Welcome to the Exponential Growth Module
By the end of this module you will understand the assumptions and dynamics of the exponential growth model and have an understanding of how ecologists use this model to explore population dynamics, such as the growth of a reindeer population on an island off the state of Alaska.
When populations are small and resources abundant individuals can, on average, consume large amounts of resources and ultimately leave many offspring. Because the health of organisms may be high with abundant food their death rates may also be low. Therefore, birth rates may greatly exceed death rates leading to rapid population growth.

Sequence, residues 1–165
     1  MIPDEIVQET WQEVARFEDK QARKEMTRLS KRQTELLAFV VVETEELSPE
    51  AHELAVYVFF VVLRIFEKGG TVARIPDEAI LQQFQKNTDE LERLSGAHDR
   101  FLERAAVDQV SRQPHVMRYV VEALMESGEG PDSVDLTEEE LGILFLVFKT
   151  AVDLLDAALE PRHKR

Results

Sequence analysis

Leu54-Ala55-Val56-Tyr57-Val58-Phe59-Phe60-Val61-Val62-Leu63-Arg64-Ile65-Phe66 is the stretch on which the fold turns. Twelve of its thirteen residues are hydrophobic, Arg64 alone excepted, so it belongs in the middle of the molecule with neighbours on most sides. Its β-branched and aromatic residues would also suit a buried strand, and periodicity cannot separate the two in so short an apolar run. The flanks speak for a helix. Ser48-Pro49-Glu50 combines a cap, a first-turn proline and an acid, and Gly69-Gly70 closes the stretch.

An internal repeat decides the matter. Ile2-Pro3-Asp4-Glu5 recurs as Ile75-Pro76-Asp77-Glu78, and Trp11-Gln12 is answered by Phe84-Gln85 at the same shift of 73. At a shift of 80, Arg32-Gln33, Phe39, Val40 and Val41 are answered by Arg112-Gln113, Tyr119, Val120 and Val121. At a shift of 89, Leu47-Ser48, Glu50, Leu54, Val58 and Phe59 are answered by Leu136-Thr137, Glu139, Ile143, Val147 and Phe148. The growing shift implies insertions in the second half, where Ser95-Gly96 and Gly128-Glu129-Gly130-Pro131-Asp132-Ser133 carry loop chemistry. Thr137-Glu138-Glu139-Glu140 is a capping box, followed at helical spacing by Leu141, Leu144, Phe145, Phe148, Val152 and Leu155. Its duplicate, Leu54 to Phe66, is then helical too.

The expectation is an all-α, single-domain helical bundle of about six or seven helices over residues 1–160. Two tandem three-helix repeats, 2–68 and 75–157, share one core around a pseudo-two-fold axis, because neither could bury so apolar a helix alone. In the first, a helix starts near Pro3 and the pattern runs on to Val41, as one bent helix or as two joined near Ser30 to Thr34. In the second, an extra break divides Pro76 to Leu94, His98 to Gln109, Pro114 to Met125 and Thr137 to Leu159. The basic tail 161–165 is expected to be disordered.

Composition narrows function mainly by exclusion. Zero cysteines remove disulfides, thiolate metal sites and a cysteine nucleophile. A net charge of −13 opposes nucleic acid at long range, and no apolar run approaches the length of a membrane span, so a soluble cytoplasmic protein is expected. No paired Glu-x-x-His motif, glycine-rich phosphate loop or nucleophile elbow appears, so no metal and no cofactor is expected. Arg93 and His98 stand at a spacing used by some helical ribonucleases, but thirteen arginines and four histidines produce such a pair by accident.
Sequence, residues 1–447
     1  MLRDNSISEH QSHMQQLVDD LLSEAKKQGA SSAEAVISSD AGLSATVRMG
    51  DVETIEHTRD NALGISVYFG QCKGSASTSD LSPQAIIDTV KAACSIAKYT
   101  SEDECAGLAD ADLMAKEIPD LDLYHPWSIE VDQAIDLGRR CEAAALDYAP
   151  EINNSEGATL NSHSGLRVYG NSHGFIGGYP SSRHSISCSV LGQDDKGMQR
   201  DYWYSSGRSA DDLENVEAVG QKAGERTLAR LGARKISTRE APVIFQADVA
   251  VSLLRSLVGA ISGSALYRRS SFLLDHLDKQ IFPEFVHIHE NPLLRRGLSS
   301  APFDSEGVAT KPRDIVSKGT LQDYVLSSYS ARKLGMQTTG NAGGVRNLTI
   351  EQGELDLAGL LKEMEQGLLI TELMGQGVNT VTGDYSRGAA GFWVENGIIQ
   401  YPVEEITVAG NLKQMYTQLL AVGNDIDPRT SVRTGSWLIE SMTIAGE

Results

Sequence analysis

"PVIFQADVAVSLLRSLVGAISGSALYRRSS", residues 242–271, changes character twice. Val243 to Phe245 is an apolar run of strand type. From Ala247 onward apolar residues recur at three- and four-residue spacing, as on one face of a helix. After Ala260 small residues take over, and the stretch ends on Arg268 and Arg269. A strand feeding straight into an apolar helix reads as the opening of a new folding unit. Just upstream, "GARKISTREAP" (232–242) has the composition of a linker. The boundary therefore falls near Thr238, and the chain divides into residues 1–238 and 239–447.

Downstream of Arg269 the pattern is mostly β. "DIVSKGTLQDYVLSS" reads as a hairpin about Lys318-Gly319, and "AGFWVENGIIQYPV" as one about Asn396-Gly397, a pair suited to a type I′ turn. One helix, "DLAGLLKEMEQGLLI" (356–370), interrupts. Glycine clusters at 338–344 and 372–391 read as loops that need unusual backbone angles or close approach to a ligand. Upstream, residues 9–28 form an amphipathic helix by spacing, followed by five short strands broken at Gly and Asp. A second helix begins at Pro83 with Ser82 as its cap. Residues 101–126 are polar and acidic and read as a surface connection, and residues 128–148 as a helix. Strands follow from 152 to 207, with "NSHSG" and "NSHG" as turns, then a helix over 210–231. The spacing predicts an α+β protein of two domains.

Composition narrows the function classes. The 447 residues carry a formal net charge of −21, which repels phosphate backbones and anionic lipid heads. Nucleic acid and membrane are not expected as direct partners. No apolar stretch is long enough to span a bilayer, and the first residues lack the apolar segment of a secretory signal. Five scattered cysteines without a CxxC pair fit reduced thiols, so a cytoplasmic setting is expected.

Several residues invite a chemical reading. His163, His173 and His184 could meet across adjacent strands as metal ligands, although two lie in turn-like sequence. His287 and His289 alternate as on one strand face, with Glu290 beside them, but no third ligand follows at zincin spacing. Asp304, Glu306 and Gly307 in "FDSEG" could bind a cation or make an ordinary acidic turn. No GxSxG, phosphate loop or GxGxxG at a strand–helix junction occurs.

Likewise, we might find times when populations are in decline with death rates exceeding birth rates, with the potential for a population to become extinct. For now we will assume that the growth rate of a population does not change while realizing this assumption probably will not hold for long periods of time.
In 1911 the United States government placed 25 reindeer on St. Paul Island in the Pribilof Island chain, Alaska (see satellite image), with the intention of providing a food source for the native people. Of the 25 reindeer 21 were females. The population grew for many years, despite harvests. Can we use the exponential growth rate model to understand and predict changes in this population?
|(Satellite image of the Aleutian Islands and the Alaskan peninsula. Courtesy NASA.)|